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Tossed Out

 

Drought raises stakes on Republican River

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Mark Taddiken has watched the Republican River rise and fall in north-central Kansas. Three-quarters of his land is irrigated with water from the river. (Grant Gerlock, Harvest Public Media)
Mark Taddiken has watched the Republican River rise and fall in north-central Kansas. Three-quarters of his land is irrigated with water from the river. (Grant Gerlock, Harvest Public Media)
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Grant Gerlock is Harvest Public Media's reporter based at NET News in Lincoln, Neb.

There’s a border war going in the Midwest and it’s over water. Kansas and Nebraska have been battling for years over the water in the Republican River, which runs from Colorado to Kansas, through Nebraska.

Farmers in all three states depend on the Republican River to irrigate their fields and with agriculture such a prominent industry in the Midwest, the water battle amounts to a big deal. Kansas and Nebraska’s current dispute will eventually head to the U.S. Supreme Court. And with many farmers dealing with drought and planning for water restrictions, the battle is heating up.

Up and down the Republican River, water feeds the farm economy. Irrigated fields raise more valuable crops. Local businesses sell more seed and fertilizer. The price of land goes up.

Three-quarters of Mark Taddiken’s land near Clifton, Kan.,  is irrigated and he counts on the river for water. On a cold January morning, Taddiken discussed river issues while repairing an electric fence powered from an irrigation pivot. Cattle stood with their backs to the wind and watched the 62-year-old farmer replace a fuse in the pivot’s power box.

“See that’s putting out 7 amps,” Taddiken said, holding a fence tester to the wire. “That’s a hot fence. So we’re good.”

Like the nearby Republican River, the fence isn’t worth much if there is no current. Taddiken counts on the river for water but if the river level stays low, like it is now, Kansas law will require him to use much less.

“That restriction on what we can pump is probably going to cost us $500-an-acre,” Taddiken said. “Like, we’re standing under this pivot right now that covers 120 acres. That restriction on that one well alone would be around $60,000.”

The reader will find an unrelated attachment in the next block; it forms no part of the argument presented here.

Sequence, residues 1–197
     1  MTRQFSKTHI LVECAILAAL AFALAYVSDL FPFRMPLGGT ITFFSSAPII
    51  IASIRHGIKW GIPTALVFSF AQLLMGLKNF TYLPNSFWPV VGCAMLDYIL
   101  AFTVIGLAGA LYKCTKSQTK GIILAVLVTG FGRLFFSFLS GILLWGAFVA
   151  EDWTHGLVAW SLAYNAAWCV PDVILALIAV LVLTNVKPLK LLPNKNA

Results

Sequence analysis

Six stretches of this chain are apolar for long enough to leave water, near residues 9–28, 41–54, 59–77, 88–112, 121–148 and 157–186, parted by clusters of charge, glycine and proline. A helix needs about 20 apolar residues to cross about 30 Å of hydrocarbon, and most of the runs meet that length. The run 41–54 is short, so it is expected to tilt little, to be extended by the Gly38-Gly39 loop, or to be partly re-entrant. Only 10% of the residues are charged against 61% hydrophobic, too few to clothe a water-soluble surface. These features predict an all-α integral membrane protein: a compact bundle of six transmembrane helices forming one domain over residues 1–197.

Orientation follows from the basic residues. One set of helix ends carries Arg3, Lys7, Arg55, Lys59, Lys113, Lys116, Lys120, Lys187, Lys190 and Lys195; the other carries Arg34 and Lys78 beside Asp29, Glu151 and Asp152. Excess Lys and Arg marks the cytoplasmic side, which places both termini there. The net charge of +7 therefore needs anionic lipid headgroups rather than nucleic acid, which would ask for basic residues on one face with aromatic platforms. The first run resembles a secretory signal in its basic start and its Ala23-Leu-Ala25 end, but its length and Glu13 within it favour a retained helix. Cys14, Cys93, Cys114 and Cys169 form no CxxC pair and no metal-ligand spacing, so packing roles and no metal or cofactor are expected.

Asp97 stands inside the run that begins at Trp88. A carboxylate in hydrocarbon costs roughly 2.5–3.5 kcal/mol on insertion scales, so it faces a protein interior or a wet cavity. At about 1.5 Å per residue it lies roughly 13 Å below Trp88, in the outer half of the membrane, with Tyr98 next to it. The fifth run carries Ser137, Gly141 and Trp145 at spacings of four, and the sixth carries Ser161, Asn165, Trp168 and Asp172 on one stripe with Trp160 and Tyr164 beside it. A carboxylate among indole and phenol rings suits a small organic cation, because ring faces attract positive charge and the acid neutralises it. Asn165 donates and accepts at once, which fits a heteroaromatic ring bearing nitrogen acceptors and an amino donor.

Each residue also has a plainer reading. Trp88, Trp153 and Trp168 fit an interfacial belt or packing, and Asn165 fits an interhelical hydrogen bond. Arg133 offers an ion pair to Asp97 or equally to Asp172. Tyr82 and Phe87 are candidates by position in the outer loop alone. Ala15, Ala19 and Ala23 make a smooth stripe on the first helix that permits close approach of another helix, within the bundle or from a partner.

Colorado, Nebraska and Kansas divided the Republican River 70 years ago. But in 1943 there were only about 30,000 acres of irrigated land in the river basin. Now there’s closer to 3 million.

That’s why, Taddiken said, when it gets dry the states get protective.

“Kansas says, ‘Wait a minute, we don’t think we’re getting our fair share of water.’ And Nebraska said, 'Well yes you are,” Taddiken said, summarizing the border dispute. “Of course we couldn’t come to agreement on that so then we had the lawsuit.”

In the case headed for the Supreme Court, Nebraska admits to using more than their share of water during drought years in the mid-2000s. To make up for it, Kansas officials want the court to force Nebraska to permanently stop irrigation on thousands of acres. But Nebraska argues that would be overkill because water use along the river is already being reduced under new limits.

Mike Jess, the former director of Nebraska’s Department of Natural Resources, said this year could be a genuine test for that claim. After the state’s driest year on record in 2012, Jess said Nebraska can prove its case.

“If Nebraska misses the mark by a wide margin I suppose it’s entirely possible that Kansas will be back knocking on the door of the Supreme Court,” Jess said.

The water line on the dam of Harlan County Lake shows the reservoir's normal water level. (Grant Gerlock, Harvest Public Media)

The drought was a disaster for the Republican River and its reservoirs. Stretches of the river ran dry. The water level plummeted at Harlan County Lake, the river’s main reservoir in Nebraska. A white line on the lake’s rocky dam shows where the water level is supposed to be. At the beginning of 2013, the reservoir held just over half of the amount of water it held in January 2012.

Jasper Fanning does not want to see another dry year like that. Fanning is manager of the Upper Republican Natural Resources District (URNRD) in southwestern Nebraska. To save water, The URNRD  has taken some land off of irrigation and has proposed cuts for everyone else. It also built a controversial new pipeline to put water back in the river in dry years.

The $12 million Rock Creek project will pull water from an underground aquifer and dump it in the creek where it can eventually flow on to Kansas and keep Nebraska in the clear.

“We can operate it at about 12,000 gallons-a-minute,” said Fanning. And the plan is to pump more than 3 billion gallons through the pipeline this year.

A group of Nebraska irrigators is suing the state for approving the Rock Creek project and a larger one near North Platte. Their argument is similar to one made by Kansas. They claim when the aquifer is overused, water is pulled away from the river and their irrigation canals. They think the pipeline is an unsustainable answer. But Fanning said that depends on what you’re trying to sustain.

“The difference is if we shut down 26,000 acres, that’s roughly $13 million of direct economic hardship in these times on those individuals who own those wells,” Fanning said.

Kansas farmer Mark Taddiken said he understands what his upstream neighbors in Nebraska are fighting for.

“It’s not a good deal for those folks up there,” Taddiken said. “They’ve put in those systems depending on that water. It would be a curtailment for them or a loss for them, but only to the point that they’re giving us our fair share.”

No doubt you could hear the same thing on the other side of the border.